For others, fungi may have an even less appealing association; athlete's foot or other fungal infections. Others think of molds, rotting foods, and a wide variety of unpleasant things. To say the least, fungi are often given a bad wrap.
Yet, considering you've stuck with me this far, you probably realize fungi aren't all bad. As a matter of fact, they've been getting quite a lot of positive attention in the media and environmentally conscious circles over the past couple of years. There's a good reason for it; fungi hold solutions to many of our modern-day problems.
Fungi are a kingdom of life with incredible diversity. Compared to the other kingdoms, they are often considered a "mega-kingdom" because the estimated 5.1 million species within the kingdom are so diverse. From single-celled yeasts to networks of filamentous mycelium acres in size (arguably the largest organism on the planet), their presence is ubiquitous wherever life is present.
Yeasts, for example, are almost everywhere in nature. They grow on the surface of leaves, fruits, and even on our own skin. Yeasts even exist in the air we breathe! Traditional lambic beer brewers from Belgium were very well aware of this and would place large vats of wort to cool outside in order to capture these airborne yeasts.
Mycelium is the multicellular and filamentous form of fungi. You've probably seen cobweb-like mycelium in the forest beneath the leaf litter or decomposing wood. Mycelium is composed of thousands of thin hyphal threads that are one cell in width and 100 times thinner than a human hair.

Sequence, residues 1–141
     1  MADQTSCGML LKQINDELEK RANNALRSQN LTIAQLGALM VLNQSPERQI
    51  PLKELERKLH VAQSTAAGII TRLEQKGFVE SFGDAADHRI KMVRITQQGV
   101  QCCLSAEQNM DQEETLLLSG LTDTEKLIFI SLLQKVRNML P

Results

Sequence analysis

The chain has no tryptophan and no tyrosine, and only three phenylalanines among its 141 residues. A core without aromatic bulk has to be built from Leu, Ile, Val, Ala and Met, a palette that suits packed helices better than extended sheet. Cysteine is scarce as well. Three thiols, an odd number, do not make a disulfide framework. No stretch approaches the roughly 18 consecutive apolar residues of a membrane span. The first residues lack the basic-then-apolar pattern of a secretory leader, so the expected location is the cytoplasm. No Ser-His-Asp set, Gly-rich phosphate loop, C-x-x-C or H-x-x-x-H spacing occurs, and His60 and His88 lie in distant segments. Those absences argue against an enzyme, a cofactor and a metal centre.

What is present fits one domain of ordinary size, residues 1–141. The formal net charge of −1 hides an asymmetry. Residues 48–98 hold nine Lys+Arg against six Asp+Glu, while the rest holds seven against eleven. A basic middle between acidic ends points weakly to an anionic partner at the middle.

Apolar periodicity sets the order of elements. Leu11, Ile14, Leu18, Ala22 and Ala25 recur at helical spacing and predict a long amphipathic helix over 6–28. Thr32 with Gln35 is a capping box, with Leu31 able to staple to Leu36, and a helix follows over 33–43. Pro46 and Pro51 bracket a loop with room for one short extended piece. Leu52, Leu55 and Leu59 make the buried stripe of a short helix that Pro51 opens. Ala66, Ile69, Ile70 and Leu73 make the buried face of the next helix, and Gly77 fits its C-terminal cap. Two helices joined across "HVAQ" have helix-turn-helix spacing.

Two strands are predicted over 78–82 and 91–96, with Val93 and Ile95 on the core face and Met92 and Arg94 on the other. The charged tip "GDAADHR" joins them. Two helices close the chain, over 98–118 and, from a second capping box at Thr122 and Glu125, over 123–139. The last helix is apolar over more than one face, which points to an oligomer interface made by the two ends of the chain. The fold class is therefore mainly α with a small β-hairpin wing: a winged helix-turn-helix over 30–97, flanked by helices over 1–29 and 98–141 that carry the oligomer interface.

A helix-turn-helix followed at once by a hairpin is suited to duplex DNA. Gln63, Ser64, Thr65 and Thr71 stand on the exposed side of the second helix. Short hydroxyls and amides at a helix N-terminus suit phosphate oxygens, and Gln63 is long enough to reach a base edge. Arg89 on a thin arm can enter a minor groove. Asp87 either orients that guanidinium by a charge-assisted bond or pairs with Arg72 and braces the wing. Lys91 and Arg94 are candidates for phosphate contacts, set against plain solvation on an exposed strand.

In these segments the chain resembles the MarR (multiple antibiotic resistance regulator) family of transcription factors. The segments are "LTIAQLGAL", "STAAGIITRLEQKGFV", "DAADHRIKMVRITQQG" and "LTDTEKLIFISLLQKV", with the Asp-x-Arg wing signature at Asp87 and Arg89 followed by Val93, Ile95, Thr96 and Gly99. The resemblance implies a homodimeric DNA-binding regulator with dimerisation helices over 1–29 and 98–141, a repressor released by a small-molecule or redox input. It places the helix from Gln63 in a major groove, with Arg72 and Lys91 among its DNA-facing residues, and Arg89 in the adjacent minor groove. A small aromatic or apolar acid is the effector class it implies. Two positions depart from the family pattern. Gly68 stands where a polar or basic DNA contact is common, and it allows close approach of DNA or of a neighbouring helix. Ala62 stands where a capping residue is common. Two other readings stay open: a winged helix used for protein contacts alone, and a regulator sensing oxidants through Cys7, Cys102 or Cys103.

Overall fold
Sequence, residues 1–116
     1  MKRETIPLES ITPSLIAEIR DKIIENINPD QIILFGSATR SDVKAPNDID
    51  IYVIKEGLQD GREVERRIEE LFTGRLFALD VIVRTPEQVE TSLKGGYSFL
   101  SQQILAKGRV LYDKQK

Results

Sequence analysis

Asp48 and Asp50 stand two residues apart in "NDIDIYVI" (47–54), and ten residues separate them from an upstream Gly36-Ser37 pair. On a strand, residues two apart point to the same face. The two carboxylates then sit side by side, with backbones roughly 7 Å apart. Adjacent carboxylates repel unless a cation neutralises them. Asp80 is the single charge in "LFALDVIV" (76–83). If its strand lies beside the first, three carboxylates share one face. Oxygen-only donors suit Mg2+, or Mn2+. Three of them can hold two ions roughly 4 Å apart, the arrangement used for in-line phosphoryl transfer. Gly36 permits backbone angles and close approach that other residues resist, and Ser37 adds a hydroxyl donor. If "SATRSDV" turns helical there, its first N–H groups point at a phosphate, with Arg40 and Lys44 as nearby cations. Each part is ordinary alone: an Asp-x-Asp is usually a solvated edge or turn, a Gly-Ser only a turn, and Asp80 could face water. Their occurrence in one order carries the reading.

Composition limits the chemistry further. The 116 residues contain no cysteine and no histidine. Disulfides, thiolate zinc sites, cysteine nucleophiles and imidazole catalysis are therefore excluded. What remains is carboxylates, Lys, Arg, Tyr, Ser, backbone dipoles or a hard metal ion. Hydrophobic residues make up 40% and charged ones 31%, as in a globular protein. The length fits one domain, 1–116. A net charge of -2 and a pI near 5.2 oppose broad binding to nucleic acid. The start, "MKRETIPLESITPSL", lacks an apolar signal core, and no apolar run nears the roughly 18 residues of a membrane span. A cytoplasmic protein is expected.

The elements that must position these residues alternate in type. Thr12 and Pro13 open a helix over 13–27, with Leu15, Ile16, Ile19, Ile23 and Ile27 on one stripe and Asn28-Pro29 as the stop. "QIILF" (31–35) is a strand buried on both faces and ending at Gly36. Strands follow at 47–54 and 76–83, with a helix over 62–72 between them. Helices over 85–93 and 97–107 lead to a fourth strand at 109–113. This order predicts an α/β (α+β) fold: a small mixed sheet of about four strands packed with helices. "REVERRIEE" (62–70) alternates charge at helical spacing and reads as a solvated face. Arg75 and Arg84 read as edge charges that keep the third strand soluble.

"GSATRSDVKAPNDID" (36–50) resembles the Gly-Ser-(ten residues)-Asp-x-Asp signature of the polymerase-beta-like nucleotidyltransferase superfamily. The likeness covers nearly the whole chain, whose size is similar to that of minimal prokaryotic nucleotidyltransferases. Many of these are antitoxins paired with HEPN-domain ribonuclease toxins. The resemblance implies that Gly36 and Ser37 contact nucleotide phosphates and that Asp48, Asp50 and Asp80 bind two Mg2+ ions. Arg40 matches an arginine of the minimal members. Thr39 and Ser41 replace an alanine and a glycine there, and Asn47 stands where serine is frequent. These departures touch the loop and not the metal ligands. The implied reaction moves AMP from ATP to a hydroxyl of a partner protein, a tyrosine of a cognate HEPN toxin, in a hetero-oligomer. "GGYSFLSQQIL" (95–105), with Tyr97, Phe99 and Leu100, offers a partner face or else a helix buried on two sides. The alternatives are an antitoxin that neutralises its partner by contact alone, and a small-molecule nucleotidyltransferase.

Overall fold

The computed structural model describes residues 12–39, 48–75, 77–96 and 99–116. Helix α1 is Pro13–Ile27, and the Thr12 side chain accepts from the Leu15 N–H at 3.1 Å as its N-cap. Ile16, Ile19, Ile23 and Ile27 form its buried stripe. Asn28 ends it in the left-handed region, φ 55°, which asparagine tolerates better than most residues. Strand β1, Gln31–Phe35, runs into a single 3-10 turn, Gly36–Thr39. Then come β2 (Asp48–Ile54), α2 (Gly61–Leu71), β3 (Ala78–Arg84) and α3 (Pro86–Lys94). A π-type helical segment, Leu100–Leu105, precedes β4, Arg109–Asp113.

It is from mycelium that the mushrooms we are familiar with are produced. In fact, mushrooms are only the reproductive structure, akin to a flower, while mycelium is the actual body of the fungus. Mushrooms produce dust-like spores, sometimes trillions of them (as is the case with the Giant Puffball Mushroom), in hopes that a few will land in suitable conditions to germinate and grow.
Most mushroom-forming fungi are classified as decomposers in nature. They acquire all their nourishment by decomposing organic substrates like wood, manure, leaves, and almost anything you can think of. Fungi are particularly effective decomposers for a variety of reasons, but the most relevant is that they produce unique peroxidase enzymes. These are capable of breaking down many different complex organic compounds that nothing else in nature can.
For example, the structural compound called Lignin that makes plants tough and woody is almost exclusively broken down by these fungal enzymes. Without these enzymes, forests would accumulate kilometers of undecomposed debris on the forest floor. This would not only have major consequences on our planet's carbon cycle, but it would mean that nutrients locked up within these plant materials would not be released back into the soils where they came from.
Other than decomposers, fungi can also be classified ecologically as "mycorrhizal fungi." These are the symbiotic fungi we discussed earlier, which associate with the roots of plants. Their name comes from the word mycorrhizae which translates to "fungus root" in greek. This name is actually a rather good description of the functionality of these fungi.